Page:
half-breed-indianIt’s one of the classic scenes in the film Tombstone.

The Earps and Clantons are facing off (no, not that faceoff … yet) after the shooting of Marshal Fred White. Doc Holliday staggers out from a saloon, a pistol clutched in his hand. Billy Clanton laughs at him, saying “You’re so drunk, you can’t hit nothin’. In fact, you’re probably seeing double.” Billy then pulls a big knife.

Doc responds by pulling a second pistol: “I have two guns, one for each of ya.”

Okay, so a knife can’t do everything.

But on the frontier, it was a remarkably versatile tool. Sure, it was used as a utensil for food. It could kill and skin the food, if the animal in question wasn’t too big or too feisty. It could create other tools, such as fishing poles, spears and even wooden knives. It could open cans or sacks. The sharp tip could bore holes in things. The flat side could be used to pound objects—say, nails or small spikes. It was often used for crude surgery (kids, don’t try this at home). Oh, and it could be used to inflict serious injury on a rambunctious acquaintance—like Doc himself did in Denver in 1876 during a gambling argument with Bud Ryan. Ol’ Bud ended up scarred for life (and probably less likely to get into a fight over a game of chance). Doc was fined $30 and court costs, and made a hasty exit from the Mile High City.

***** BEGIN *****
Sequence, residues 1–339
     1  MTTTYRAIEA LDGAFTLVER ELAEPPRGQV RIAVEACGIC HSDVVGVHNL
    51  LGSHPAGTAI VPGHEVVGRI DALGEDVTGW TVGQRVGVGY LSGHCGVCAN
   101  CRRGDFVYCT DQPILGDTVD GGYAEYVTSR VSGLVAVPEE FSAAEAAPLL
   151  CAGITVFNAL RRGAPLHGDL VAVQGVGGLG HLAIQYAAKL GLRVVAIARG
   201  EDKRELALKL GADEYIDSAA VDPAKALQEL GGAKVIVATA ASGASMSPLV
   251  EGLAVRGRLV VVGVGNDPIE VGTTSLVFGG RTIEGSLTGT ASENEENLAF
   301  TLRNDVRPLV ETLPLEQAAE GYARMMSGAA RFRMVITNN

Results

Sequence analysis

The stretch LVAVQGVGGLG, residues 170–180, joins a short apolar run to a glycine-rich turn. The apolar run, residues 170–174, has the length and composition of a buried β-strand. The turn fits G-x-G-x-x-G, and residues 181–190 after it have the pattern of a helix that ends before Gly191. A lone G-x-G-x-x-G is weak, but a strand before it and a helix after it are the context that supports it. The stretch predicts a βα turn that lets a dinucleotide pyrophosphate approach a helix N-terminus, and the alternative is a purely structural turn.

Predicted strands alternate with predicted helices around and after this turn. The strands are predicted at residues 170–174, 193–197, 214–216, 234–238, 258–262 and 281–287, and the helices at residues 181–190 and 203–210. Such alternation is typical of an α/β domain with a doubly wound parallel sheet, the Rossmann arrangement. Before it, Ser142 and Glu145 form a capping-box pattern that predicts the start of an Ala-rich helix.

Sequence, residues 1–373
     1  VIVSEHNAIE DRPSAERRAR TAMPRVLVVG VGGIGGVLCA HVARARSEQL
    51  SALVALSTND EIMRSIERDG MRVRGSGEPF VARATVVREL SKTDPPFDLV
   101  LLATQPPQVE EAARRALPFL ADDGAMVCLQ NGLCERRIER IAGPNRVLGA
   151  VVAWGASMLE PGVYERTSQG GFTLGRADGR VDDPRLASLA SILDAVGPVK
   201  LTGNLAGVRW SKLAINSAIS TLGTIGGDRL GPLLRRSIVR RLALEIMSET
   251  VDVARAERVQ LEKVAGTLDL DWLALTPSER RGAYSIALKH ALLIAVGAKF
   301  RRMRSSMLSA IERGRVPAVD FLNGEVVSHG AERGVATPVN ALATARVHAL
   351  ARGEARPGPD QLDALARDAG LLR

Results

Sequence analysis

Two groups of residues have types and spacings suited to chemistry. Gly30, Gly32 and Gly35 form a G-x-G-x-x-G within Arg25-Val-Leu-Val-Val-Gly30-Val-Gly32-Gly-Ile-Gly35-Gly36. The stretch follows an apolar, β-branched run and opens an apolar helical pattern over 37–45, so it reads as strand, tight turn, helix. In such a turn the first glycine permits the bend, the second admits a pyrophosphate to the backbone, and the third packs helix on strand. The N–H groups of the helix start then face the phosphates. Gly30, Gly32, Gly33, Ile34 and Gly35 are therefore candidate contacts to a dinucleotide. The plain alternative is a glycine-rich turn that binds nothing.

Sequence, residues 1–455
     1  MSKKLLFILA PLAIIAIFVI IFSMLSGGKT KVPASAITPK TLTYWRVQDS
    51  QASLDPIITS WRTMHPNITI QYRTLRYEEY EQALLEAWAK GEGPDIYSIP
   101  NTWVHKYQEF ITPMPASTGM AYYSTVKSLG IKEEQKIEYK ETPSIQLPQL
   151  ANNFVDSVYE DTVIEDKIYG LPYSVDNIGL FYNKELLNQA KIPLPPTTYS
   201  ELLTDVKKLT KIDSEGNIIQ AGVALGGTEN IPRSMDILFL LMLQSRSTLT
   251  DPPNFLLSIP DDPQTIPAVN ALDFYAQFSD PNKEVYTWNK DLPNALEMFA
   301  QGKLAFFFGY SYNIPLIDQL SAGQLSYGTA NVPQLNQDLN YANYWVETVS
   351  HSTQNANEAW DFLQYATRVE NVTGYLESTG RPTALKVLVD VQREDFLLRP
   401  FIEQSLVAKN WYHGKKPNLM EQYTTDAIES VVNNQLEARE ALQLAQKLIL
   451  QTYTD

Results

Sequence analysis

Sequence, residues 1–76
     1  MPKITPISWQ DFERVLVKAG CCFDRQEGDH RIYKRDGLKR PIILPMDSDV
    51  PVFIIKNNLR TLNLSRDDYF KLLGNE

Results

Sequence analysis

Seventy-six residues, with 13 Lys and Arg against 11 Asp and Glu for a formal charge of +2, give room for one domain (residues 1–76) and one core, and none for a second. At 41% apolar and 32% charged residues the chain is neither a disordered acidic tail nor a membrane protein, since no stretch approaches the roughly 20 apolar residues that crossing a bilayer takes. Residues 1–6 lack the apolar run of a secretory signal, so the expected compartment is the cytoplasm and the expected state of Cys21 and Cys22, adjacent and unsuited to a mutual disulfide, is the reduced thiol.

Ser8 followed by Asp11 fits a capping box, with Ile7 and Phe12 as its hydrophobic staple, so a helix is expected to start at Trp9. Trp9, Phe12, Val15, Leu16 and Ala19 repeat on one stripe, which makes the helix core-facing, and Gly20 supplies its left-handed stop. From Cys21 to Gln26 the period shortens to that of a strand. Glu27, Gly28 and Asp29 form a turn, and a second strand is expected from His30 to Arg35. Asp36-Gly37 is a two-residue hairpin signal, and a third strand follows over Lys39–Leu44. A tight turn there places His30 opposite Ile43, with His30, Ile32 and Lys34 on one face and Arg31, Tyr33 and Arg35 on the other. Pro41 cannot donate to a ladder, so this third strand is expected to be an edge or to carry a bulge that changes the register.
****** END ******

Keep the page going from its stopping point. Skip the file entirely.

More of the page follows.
But the knife often transcended mere functionality. Many were art objects, created by a master artisan to grab the eye of the beholder. Wonderful designs were etched into the blade itself. Handles were often made of ivory or precious minerals, and some were inlaid with jewelry or gold or silver. Many handles were personalized to meet the desires of their owners. It was almost a shame to get blood on the thing.

Many are still fascinated by fine knives. Collectors prize them (and drive up prices). And there are plenty of Average Joes and Josephines who have carried knives since they were kids.

What we feature here is a selection of knives for the collector and non-collector. This is where form and function meet the beauty of art. No, it’s not smart to pull a knife on a guy with two guns (personally, I wouldn’t pull a knife on anyone, period). But a person with a knife still has an edge.

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